I have been booking some travel with National Express on the web today. However, I was initially that my preferred service was booked up (it looks as if it might have had something to do with my selecting an economy ticket instead of a standard one; they were both the same price anyway). Later on, I did manage that booking but the experience did highlight one thing: I was only told of unavailability when I tried to pay for the booking. It might have been better if the website was more dynamic in that it only showed you what was available rather than letting you find out several steps into the booking process.
The same annoyance affects web bookings on the Caledonian Sleeper services run by First ScotRail. Their Bargain Berth offerings bring another idea to mind. It would be a great help if availability could be seen at a glance rather than having to plough through several steps to meet dead ends as is the current way of working.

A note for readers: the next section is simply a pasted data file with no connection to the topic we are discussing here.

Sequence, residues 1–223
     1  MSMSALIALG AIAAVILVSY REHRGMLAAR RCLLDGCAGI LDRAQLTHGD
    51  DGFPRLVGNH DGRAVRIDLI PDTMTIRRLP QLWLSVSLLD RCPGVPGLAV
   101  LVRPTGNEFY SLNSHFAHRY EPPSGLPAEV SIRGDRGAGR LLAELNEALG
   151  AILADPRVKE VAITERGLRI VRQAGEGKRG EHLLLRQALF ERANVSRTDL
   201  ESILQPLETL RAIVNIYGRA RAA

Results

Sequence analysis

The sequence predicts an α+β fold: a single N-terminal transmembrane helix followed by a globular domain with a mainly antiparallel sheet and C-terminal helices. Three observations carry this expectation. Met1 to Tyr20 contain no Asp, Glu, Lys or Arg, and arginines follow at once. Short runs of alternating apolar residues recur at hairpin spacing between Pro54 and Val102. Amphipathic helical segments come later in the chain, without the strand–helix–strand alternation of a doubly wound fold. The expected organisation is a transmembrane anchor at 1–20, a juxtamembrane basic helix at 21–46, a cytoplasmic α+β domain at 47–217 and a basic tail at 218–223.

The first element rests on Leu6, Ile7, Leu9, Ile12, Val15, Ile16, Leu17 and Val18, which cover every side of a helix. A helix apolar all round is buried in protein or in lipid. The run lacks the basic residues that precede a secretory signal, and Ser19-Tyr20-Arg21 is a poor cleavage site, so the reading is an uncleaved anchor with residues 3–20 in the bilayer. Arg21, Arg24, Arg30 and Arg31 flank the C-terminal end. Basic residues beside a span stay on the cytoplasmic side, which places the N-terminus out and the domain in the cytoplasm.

All in all, train and bus companies could learn from the likes of Aer Lingus who do present their fares in a far more friendly manner with the cheapest fare any single day displayed in a calender-esque table. It is true to say that the tariffs shown may not be all-inclusive with charges for taxes, baggage and seat reservations in there but you do get a very quick view of when’s the least expensive time to travel. A lot of cross-fertilisation has occurred between the different modes of travel already and not always for the better; just travel in Virgin’s Pendolinos and contemplate a possible source of inspiration for the window designs. However, it would be good to see some best practice shared rather than having to endure a “Personal Trainer” on the National Rail website.